Not every business needs a chatbot for the usual tasks, but plenty of firms, charities and action groups are finding them useful for non-traditional uses. Here’s how a chatbot or AI can make a difference when it comes to marketing, politics, non-profits and other areas.
As people get used to bots, they are starting to notice that most of them look alike, “talk” alike and offer the same sort of services. But some bots are doing things differently or being used in novel ways to help make the world better or smarter.
A recent Guardian article highlights just one way that chatbots can be deployed, not for profit or time saving, but to help sway opinion, and prevent crime and abuse. A Seattle non-profit used the bots as part of fake adverts for sex workers to help highlight the plight that many girls faced from slavery to abuse and harm. Their efforts helped drive a 50% decline in online searches for keywords such as “teen escort.”
Many non-profits and charities use bots to help raise awareness, but to deflect business away from criminals and gangs seems like a worthy addition to the cause, and with online markets for drugs, sex and other activities growing, people are more likely to come across a bot and could be given pause for thought by some hard-hitting messages.
Talking of hard-hitting, meet the Joe Biden insult bot from The Daily Show that is doing the rounds on Twitter. Raising the profile of a stuffy old white dude to younger voters might be a hard trick to pull off, but this abusive feature seems to be gaining attention, which can then lead people to issues they are interested in or just to find out more about the candidates.
The medical benefits in the chatbot
There are plenty of traditional chatbots in the medical segment, helping triage patients, arrange appointments with specialists and even starting to diagnose and help patients with their conditions. One of the most interesting areas in Alzheimer’s Disease, which sees teams from around the world investing time and effort into assistants.
Clara is a new bot from Israel, undergoing testing that uses a specific set of questions, she analyses the answers using machine learning to test against a baseline for early indications of the disease. From Russia comes Endurance, a bot that provides a companion for seniors and patients living with the condition.
Related to that, bots are emerging that can help people chat to themselves, with that example coming from the Italian Ministry of Health. It helps collects the life of an Alzheimer sufferer and can then give them back useful information. That can help them cling on to knowledge and memories and improve their ability to hold conversations with friends and family. The project saw 10 times the usual engagement rate compared to average medical topics, and there are plenty more around the world helping.
Businesses can learn from the exploits of medical bots, and those in other areas, but in these cases helping retain memories or keeping people talking can provide something more valuable to those affected. And, when it comes to mental health issues, bots will be doing a lot of the heavy lifting due to overwhelming demand, and will be smart enough to discuss subjects in subtle ways that might put patients off talking to the usual health professionals.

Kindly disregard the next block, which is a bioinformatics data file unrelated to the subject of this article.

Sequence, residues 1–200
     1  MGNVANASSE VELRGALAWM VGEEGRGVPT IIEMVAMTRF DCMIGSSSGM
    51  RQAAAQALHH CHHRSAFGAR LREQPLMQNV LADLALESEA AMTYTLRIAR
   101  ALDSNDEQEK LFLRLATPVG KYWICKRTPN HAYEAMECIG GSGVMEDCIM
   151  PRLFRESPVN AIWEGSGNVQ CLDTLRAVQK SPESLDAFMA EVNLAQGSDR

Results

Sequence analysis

Chatbots crossing the boundaries as support and gatekeepers
These ideas might spark a germ in any traditional business that could see it create new ways to talk to customers or clients (possibly without the insults). But, there are also many ways that traditional charities or organisations could see how bots work in business that they could use.
The move to “level 0” tech support and the use of bots there could be applied to many types of comapny where people need some basic help that currently takes up the valuable time of people in the business or organisation. Bots can provide simple advice to people with any sort of issue, with the bot able to escalate a complex problem or provide more advice where needed.
As bots move on from text-only services, to spoken bots or AI-powered digital video avatars, they also become more personal, allowing users to feel more engaged. This opens up new avenues for conversation and even debate that could help people gain in confidence and practice their public speaking, debating and other skills.
As bots get smarter, easier to manage and benefit from self-learning, there are many ways that they can be defined for non-traditional uses, from quiz machines to fill in the void from the recently collapsed HQ Trivia show or automating advice currently offered manually on services like TikTok.
Bots could also be used to act as gateways to services – rather than people randomly confirming their age through the usual captcha – they could ask smart questions that are related to the field or service that someone would be expected to know as an extra layer of security.
Better bots for the future
Whatever the business of aim of a charity, bots, AIs and avatars will play an increasingly important role in handling interactions beyond what we usually consider the norm for chatbots. And for any business looking for a spot of differentiation, a bot that does something different or presents its tasks in a new way will attract interest as the current generation of bots become increasingly homogenized.
With a quick look into that future, it won’t be long until AI digital girlfriends and boyfriends become a mainstream form of social entertainment. They will understand and “be into” the brands, bands, team and shows you like, able to discuss them as you watch sports or TV. They could help keep people happy in an increasingly disenfranchised world where social media and other online spaces become increasingly toxic. And also provide advice or keep a family together by sharing details across devices or services to provide an extended digital-family feel.